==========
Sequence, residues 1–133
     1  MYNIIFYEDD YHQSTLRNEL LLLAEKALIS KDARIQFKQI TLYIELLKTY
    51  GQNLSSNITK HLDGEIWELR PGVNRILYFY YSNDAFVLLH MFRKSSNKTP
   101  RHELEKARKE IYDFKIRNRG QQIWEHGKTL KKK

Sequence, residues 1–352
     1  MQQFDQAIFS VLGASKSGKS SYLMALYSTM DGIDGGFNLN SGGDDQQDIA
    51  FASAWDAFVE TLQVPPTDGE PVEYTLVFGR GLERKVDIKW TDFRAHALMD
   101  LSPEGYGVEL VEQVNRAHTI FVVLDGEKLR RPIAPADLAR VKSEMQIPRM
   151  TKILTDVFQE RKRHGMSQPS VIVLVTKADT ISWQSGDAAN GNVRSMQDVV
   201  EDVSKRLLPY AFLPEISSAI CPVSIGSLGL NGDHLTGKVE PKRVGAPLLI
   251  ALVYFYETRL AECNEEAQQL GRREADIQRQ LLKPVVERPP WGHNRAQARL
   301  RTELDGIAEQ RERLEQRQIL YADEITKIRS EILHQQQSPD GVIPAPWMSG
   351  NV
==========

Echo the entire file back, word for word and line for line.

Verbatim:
Sequence, residues 1–133
     1  MYNIIFYEDD YHQSTLRNEL LLLAEKALIS KDARIQFKQI TLYIELLKTY
    51  GQNLSSNITK HLDGEIWELR PGVNRILYFY YSNDAFVLLH MFRKSSNKTP
   101  RHELEKARKE IYDFKIRNRG QQIWEHGKTL KKK

Sequence, residues 1–352
     1  MQQFDQAIFS VLGASKSGKS SYLMALYSTM DGIDGGFNLN SGGDDQQDIA
    51  FASAWDAFVE TLQVPPTDGE PVEYTLVFGR GLERKVDIKW TDFRAHALMD
   101  LSPEGYGVEL VEQVNRAHTI FVVLDGEKLR RPIAPADLAR VKSEMQIPRM
   151  TKILTDVFQE RKRHGMSQPS VIVLVTKADT ISWQSGDAAN GNVRSMQDVV
   201  EDVSKRLLPY AFLPEISSAI CPVSIGSLGL NGDHLTGKVE PKRVGAPLLI
   251  ALVYFYETRL AECNEEAQQL GRREADIQRQ LLKPVVERPP WGHNRAQARL
   301  RTELDGIAEQ RERLEQRQIL YADEITKIRS EILHQQQSPD GVIPAPWMSG
   351  NV